Fig. 2
figure2

The modified Health Belief Model, showing all the predictor variables on sun-tanning behaviour

Variables and scales

Each prediction construct consisted of several questions, each having scaled answers in order to achieve a deeper and more complete overview. The outcome measure, sun-tanning behaviour, was constructed as an index of seven questions covering sun protection, sun exposure and tolerance of sunburn (Additional file 1: Appendix 1). Sun-tanning behaviour reflects perceived behaviour and not actual behaviour, as neither the exposure or use of protection are measured in this study. Some questions were measured on a five point Likert-type scale (never, rarely, sometimes, frequently, and always), and the other questions on a scale from 0 to 10, i.e., “totally disagree” to “totally agree”. Each of the seven questions in the dependent variable were given equal weight (0–1), so that the total score was in the range from 0 to 7.

The sum scale on sun-tanning behaviour ranged from low (low sun exposure, high protection behaviour and low tolerance of sunburn) to high (high sun exposure, low sun protection and high tolerance of sunburn). The higher the score, the greater the unhealthy sun related behaviour. In order to address the predictor variables of the HBM and the modified model, indexes on perceived susceptibility, severity, benefits, barriers, self-efficacy, empowerment and benefits of tanning were constructed (Table 1).

Table 1 The predictor variables in the modified HBM. Showing scale reliability, number of questions included in the indexes and examples of questions. The complete questionnaire with questions included in each predictor variable is available in Additional file 1

Validity and reliability

To minimize bias and improve the survey’s validity, fellow students and professional researchers tested the questionnaire throughout the development process. Feedback on wording, layout, questions and face validity improved the survey and contributed to the inclusion of important factors. A small pilot of the online survey was sent out to different age groups to check for overall understanding of the questions as well as to detect eventual deficiencies or misapprehensions in the survey.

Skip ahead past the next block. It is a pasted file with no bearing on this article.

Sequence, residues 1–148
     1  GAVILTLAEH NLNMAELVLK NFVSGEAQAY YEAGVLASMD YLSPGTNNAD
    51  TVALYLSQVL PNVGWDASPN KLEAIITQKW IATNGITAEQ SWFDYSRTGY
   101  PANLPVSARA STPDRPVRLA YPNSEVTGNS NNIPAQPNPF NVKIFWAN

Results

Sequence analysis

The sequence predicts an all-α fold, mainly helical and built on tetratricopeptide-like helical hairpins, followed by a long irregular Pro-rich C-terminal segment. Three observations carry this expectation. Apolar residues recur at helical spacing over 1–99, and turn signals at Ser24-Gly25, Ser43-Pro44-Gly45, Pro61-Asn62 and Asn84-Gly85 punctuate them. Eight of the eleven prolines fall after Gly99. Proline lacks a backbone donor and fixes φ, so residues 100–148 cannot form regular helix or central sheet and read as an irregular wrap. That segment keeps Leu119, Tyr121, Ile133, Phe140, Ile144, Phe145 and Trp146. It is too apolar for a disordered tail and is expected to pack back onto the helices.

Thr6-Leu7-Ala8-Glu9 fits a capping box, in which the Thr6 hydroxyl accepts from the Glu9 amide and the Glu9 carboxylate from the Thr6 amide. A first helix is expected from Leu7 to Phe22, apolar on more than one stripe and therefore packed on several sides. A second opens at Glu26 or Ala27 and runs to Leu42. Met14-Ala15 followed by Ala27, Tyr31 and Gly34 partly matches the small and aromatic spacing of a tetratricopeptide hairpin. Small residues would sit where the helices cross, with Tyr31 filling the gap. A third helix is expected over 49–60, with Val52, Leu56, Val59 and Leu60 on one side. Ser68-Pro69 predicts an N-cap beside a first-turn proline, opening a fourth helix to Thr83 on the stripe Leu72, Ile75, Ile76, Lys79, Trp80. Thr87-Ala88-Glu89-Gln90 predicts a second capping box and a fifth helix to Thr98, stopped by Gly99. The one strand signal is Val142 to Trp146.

The reliability of the predictor variables were tested by using Cronbach alpha (α). A value above 0.7 is commonly interpreted as an expression of good internal consistency [27]. Due to few questions in the indexes, we also used the corrected item-total correlation to assess reliability. This correlation should not include items with values below 0.3, which did not apply to any of the questions in this study.

Statistical methods

Data were analysed in IBM Statistics SPSS version 24. Pearson’s correlations were performed to assess the associations between the modified HBM constructs and sun-tanning behaviour. A two-tailed p-value of p < 0.05 was considered statistically significant.

To test the prediction variables of sun-tanning behaviour, we used multivariate linear regression analysis. Regression coefficients (standard beta, Std. βs) and proportion of variance explained (R2) were calculated for several linear regression models. The predictor variables were entered in several steps. Preliminary analysis was conducted in order to ensure no violation of the assumptions of normality, linearity, multicollinearity and homoscedasticity. Furthermore, potential interaction between the predictor variables were examined and disproved.

Results

Study sample

One thousand four individuals completed the questionnaire. After excluding respondents who did not fulfill the eligibility criterion for intentional tanning, the final sample comprised 569 respondents (Fig. 1). The sample age range was 18 to 83 years, with a mean age of 48.6 (SD = 17.0). Age was recorded as a continuous variable (18 to 83 years old), then categorized into 18–29 years, 30–39 years, 40–49 years, 50–59 years, 60–69 years, 70+ years. The gender distribution changed from 50.8 to 58.3% percent females after excluding the respondents who did not meet the eligibility criterion. Furthermore, there were no large differences between the intentional tanning group and the total study sample regarding geographic distribution, educational level or income (Table 2).

Table 2 Selected characteristics for the study sample and total sample before exclusion criterion

Bivariate correlates of sun-tanning behaviour